“History is more or less bunk.”
—Henry Ford

“How do they know that? Were they there?”
—Donald J. Trump, responding to historians’ criticisms

The following rating scale attempts to take into account factual accuracy, currency, context, and fit. A brief description appears below the table, along with a guide to historical fallacies (which you can jump to here).

True as it gets
  • Factually accurate, facts are pertinent, complete, and contextualized.
  • Consistent with current professional research and interpretation.
  • Relevant to policy at hand. Use of history helps guide policy formation or understanding.
More or less true
  • Facts largely accurate, but somewhat lacking in relevance, missing some important context, or incomplete.
  • Misses some important aspects of current professional research and interpretation
  • Use of history provides partial insight into policy formation or understanding.
It’s complicated
  • Facts have some truth to them, but are incomplete or decontextualized in important ways.
  • Contains a reflection of current professional research and interpretation, but misses almost as much.
  • Use of history provides only vague insights into policy formation and does little to increase understanding
More or less bunk
  • Facts are mostly wrong, incomplete, distorted, or lacking in context.
  • Scant attention paid to current professional research and interpretation.
  • The history referenced is largely irrelevant to the policy discussion at hand and contributes little to improved understanding.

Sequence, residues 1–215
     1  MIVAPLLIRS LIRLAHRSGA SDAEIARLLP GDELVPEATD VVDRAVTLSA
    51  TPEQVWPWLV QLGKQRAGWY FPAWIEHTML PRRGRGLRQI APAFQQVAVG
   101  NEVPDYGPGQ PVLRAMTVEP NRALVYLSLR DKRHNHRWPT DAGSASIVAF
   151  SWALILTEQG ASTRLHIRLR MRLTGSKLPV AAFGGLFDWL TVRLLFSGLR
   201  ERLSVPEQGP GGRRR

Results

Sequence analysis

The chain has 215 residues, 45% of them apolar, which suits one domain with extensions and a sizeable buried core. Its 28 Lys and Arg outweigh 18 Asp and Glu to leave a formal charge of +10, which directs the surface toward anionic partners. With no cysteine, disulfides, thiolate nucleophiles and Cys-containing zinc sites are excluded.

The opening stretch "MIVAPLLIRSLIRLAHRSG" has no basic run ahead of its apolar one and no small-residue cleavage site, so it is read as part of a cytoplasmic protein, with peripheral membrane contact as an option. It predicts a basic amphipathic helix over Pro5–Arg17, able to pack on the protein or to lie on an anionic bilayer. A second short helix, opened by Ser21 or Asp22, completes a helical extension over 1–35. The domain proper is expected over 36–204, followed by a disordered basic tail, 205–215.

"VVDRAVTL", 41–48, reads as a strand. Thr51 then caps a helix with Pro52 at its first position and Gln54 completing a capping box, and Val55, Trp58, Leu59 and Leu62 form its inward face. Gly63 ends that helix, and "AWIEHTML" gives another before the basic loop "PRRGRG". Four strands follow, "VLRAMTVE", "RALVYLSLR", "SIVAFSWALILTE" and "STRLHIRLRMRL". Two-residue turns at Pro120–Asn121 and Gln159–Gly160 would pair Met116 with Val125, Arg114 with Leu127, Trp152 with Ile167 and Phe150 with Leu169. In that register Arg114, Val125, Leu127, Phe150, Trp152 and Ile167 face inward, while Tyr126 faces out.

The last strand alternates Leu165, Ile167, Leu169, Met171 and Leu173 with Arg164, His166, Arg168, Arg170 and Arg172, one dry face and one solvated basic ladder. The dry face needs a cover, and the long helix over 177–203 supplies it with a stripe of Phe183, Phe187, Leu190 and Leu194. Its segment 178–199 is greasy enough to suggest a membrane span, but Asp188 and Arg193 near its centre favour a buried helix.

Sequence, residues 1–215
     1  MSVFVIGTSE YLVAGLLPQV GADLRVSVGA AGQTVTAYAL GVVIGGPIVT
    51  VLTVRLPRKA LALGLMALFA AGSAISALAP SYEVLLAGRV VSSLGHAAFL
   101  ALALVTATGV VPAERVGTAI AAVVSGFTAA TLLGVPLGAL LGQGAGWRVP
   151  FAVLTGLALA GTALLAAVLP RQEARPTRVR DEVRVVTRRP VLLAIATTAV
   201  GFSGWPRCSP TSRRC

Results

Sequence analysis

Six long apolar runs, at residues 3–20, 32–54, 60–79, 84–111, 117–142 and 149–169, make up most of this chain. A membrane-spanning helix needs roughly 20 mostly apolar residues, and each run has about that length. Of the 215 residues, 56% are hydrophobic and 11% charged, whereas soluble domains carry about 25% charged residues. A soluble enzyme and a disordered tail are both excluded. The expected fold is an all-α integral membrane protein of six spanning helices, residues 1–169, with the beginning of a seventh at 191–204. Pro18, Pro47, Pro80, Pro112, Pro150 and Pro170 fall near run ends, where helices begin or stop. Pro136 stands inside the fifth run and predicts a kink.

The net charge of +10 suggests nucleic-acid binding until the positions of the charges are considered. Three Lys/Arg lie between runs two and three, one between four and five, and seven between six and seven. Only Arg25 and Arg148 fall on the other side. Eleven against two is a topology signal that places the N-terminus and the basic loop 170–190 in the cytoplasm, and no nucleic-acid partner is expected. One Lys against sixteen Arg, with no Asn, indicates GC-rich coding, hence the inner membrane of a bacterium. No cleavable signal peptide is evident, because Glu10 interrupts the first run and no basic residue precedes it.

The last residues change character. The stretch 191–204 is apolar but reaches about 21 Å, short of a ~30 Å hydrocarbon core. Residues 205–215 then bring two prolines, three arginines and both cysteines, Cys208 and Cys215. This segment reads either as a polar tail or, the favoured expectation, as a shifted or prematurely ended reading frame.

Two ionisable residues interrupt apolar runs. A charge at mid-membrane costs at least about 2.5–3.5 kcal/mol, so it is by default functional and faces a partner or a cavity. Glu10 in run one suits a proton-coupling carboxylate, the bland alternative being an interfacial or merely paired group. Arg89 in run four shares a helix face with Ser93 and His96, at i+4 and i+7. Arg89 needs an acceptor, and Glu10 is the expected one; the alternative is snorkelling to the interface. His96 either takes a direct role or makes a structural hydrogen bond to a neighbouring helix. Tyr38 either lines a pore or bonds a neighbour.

All bunk!
  • Facts are wrong, misrepresented, incomplete, or utterly removed from context in misleading ways.
  • Current professional research and interpretation ignored in favor of outdated interpretations or myths.
  • The history referenced distracts from a complete view of the issue at hand and contributes to misunderstanding.

So It’s not Just the Facts?

It’s not hard to get historical facts right and still be completely wrong. Historical work depends heavily on context and interpretation. The “what” is relatively easy. The “why” is much harder. And context—the “what else”—is all-important. Ratings on this site will attempt to capture all the above.

Here’s an example. Recently, a historically based partisan attack made the rounds: Democrats were largely responsible for the founding of the Ku Klux Klan, according to several lawmakers and pundits. This is by and large factually accurate. But it also ignores 150 years of intervening history that included the Civil Rights Movement, the Civil Rights Act, the Southern Strategy, several realigning elections, and much else. The statement may be accurate, but it is so radically detached from context and other historical events that it’s hard to say how it captures a historical truth, especially when we consider the context of the statement itself. In the case of this statement, what’s left out is just as important as what is said.

Checkered History asks historians to take into account facts, interpretation, and context when rating political uses of history. In addition, ratings on this site take into account how well the statement fits. Does the political use of the past help the public better understand the policy or issue at hand? Does the historical record fit the policy? Or are the links between the past and present in this case so tenuous that the past should perhaps be let alone?